Health  |  News & Politics

DC Fitness Studios and Gyms Want to Require Proof of Vaccination, Not Masks

"Clients are put off by the idea of working out with a mask."

The DC Fitness Alliance, a cohort of local gyms and fitness studios, sent a letter to Mayor Muriel Bowser and DC Health director LaQuandra Nesbitt requesting an exemption from the indoor mask mandate. Instead, the coalition wants to require proof of vaccination, with “strict documentation checks.”

Signed by 16 studios, the appeal is in response to last week’s mask order requiring face coverings inside restaurants, gyms, and museums. Among the signers is Solidcore, the boutique fitness studio that temporarily closed after openly defying the mayor’s restrictions on indoor workout classes last fall.

“Our businesses are disproportionately impacted by mask mandates, as clients are put off by the idea of working out with a mask, potentially limiting their ability to breathe easily while they do physical activity,” the letter asserts.

At a press conference on Tuesday, Bowser was non-committal when asked about instituting a vaccination requirement at locations such as gyms. (Earlier that day, New York City Mayor Bill de Blasio announced proof of vaccination would be required at many venues in his jurisdiction). The letter’s signers pointed out discrepancies in the current mask mandate across indoor locations, specifically bars and restaurants.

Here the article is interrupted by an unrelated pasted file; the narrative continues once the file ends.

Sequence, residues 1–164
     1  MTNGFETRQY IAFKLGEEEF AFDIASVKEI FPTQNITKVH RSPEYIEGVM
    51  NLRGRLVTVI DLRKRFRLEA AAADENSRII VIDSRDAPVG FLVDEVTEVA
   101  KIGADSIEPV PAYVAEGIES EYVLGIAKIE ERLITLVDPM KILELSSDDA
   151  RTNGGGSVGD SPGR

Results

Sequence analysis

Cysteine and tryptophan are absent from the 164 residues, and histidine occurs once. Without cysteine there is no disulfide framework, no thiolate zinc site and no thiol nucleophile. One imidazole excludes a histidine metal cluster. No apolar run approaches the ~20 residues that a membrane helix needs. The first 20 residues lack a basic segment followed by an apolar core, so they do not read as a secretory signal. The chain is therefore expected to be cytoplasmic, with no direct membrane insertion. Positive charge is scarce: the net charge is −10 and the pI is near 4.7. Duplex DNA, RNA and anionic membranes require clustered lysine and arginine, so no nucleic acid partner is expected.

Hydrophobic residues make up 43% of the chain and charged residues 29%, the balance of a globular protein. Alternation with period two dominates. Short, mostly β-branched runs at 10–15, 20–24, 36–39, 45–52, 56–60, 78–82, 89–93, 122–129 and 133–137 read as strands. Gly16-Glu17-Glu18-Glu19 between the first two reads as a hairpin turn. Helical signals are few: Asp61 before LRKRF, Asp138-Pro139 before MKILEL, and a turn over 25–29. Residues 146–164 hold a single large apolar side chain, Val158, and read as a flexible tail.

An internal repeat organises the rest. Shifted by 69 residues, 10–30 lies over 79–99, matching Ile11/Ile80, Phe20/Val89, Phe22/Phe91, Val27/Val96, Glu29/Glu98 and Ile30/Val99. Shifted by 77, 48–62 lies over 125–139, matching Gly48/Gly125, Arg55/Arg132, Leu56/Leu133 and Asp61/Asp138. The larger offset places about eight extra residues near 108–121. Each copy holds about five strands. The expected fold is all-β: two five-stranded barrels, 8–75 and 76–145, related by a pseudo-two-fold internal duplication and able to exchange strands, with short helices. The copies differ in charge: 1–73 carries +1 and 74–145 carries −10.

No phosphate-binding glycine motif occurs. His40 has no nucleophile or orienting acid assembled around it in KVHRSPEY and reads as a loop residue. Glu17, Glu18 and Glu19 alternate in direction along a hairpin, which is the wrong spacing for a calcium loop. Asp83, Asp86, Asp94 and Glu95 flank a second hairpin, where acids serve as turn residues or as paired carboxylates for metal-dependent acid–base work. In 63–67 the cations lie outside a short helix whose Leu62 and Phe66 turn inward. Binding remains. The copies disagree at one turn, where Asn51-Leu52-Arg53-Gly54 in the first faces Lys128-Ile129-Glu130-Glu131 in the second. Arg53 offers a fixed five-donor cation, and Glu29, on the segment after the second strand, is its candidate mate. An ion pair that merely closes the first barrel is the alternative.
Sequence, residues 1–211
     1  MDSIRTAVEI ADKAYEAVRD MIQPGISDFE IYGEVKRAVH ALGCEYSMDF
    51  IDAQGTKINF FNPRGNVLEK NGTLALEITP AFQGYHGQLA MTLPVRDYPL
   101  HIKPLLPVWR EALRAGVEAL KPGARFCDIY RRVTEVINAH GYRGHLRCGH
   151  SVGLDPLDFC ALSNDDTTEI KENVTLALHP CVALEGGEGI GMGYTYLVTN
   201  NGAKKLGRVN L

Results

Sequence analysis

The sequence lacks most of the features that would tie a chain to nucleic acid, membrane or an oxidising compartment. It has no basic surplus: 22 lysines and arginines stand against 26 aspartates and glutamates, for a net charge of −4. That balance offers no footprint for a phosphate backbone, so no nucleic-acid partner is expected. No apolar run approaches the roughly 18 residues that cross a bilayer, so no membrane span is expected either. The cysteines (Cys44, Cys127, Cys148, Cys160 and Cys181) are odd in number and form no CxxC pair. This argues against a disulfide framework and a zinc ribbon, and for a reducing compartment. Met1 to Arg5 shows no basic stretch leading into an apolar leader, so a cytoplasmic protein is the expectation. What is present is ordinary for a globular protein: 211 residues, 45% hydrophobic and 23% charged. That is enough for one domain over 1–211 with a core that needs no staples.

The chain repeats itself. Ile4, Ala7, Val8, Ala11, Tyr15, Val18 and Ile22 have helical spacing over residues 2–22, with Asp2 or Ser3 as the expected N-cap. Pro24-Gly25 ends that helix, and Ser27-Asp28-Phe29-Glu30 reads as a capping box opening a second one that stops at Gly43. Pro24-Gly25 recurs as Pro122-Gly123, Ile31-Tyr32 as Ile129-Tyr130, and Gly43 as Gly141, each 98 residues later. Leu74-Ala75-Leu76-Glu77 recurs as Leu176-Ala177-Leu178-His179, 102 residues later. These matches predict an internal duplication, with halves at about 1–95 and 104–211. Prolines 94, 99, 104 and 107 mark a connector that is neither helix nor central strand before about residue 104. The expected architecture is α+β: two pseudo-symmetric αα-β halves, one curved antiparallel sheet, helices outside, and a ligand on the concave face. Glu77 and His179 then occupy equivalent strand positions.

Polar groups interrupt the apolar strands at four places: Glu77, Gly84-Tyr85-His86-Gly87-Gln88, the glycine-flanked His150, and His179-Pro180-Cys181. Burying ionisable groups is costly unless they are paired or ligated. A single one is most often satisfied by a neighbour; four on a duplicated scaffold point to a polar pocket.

“For example, it seems counterintuitive for our clients who on a Saturday night can stand literal inches away from other individuals in a crowded bar with a drink in their hand without a mask on, but who on Monday morning – even in a fully vaccinated fitness class or gym – are required to exercise with a mask on,” notes the letter.

This isn’t the first time the fitness industry has made comparisons to their hospitality counterparts. When the mayor announced the restriction on indoor workout classes last year, some studio owners expressed confusion regarding the perceived double standard—if indoor dining was safe enough to remain operational, why wasn’t indoor exercise? Precautions prohibiting indoor fitness classes were later peeled back in March, albeit with capacity limits in place

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Daniella Byck
Assistant Editor

Daniella Byck joined Washingtonian in August 2018. She is a graduate of the University of Wisconsin-Madison where she studied journalism and digital culture.